From The Publisher

Dearest EXPLORE Reader,

There’s just something about an old boat.

It can’t be a new boat, nor even a restored boat. It must be an OLD boat. It needs weathered upholstery, and faded controls. The interior carpet should be ripped and jagged, and there simply must be random tools in random locations, and there better be an old squished beer can somewhere on board.

The rope lying around must be old and frayed, it can have no stereo, and there should be old oil-stained shop towels stuffed under a seat somewhere. It should have some water stains along the hull, and a motor that frustrates you to no end with its intermittent performance. If you have a CB on this boat, that’s a bonus. At least 2 of the gauges on the dash should be inoperative. And if you’re super lucky, there should be a really slow leak somewhere on the boat that you just can’t seem to find, but that the bilge pump keeps up with just fine.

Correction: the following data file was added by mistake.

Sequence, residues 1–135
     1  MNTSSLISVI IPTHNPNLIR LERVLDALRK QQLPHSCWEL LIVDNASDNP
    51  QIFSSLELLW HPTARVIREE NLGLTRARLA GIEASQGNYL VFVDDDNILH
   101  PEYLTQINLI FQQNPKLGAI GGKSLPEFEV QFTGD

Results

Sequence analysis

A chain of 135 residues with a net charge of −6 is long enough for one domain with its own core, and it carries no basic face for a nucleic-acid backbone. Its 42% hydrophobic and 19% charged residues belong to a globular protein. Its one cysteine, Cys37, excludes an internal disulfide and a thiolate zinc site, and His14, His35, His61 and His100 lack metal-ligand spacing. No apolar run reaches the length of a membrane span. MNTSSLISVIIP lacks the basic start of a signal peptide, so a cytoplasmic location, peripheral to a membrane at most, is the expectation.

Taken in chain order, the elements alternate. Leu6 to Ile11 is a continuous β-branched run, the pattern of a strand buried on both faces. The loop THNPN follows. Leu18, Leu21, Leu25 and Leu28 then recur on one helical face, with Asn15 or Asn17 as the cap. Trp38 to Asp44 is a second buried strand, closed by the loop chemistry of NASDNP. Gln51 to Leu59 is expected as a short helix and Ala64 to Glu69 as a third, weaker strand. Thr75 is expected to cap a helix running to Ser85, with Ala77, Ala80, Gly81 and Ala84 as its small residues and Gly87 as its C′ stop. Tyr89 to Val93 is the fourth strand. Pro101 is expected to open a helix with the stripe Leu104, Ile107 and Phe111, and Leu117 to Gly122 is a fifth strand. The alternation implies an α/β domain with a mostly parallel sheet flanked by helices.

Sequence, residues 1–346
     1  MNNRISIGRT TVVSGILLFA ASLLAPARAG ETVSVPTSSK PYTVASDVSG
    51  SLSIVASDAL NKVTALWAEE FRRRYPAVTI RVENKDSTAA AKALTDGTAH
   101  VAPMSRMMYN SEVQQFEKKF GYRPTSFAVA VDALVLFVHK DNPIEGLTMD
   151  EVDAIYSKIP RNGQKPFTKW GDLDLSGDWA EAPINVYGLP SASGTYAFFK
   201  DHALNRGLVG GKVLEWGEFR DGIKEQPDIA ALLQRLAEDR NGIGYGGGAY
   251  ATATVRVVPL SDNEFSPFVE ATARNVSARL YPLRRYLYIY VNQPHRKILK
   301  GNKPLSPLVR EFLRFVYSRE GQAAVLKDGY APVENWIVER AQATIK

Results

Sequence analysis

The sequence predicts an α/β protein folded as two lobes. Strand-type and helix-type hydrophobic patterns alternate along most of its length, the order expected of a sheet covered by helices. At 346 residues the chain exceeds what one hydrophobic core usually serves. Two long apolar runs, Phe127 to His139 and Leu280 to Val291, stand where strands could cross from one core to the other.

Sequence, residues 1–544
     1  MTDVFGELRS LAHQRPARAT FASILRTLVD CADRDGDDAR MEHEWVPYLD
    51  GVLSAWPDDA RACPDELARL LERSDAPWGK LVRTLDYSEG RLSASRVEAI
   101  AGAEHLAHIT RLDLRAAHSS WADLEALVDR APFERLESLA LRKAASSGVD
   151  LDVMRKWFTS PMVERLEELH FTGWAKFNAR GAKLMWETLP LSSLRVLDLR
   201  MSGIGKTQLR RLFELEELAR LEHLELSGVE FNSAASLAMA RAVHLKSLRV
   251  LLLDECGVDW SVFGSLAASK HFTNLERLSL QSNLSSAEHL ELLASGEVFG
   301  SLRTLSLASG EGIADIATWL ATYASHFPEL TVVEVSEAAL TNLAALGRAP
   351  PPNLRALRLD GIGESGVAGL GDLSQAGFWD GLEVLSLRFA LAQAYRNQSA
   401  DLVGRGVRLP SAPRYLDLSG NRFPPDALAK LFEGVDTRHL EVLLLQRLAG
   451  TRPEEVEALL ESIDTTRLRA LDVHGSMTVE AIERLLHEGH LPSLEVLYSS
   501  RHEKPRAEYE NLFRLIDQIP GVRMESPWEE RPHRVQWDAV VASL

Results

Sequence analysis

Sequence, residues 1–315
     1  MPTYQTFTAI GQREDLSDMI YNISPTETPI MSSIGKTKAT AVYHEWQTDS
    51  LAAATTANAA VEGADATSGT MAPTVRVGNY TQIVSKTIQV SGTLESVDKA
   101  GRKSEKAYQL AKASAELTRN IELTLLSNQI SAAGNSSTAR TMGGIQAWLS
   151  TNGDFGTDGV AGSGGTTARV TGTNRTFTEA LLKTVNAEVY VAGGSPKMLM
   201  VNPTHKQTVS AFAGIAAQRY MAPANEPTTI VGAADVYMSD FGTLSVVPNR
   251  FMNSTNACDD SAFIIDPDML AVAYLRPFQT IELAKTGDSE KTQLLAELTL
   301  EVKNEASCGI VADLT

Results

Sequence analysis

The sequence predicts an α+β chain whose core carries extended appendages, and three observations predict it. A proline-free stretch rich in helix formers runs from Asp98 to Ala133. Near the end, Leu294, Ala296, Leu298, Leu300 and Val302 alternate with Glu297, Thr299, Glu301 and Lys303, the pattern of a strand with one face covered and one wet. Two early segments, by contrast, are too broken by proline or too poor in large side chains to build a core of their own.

If you have all these things, then you, my friend, have a proper OLD BOAT.

Old boats fascinate me. Old cars hold no glimmer in my eye, but there is something about an old boat that just transfixes me and I can stare at them for hours. Yes, I’m strange.

During my last trip to the coast (pre-hurricane), I was in Rockport by that enormous boat storage facility that was destroyed in the storm. Beside it is a large junkyard (we’ll call it) of old boats. Tired, ragged old shrimping boats and fishing skiffs and even a few sailboats. Larger houseboats, deep-sea fishing boats, and even the cruiser boats for the bays. Some were sitting properly on platforms awaiting work, and some were tossed into the corners like yesterday’s garbage. They sit out there as I’m sure someone promised their wife that they were going to get it “cleaned up” but all of them appear to have sat out there for decades under a blistering coastal sun and done what old boats do – get older.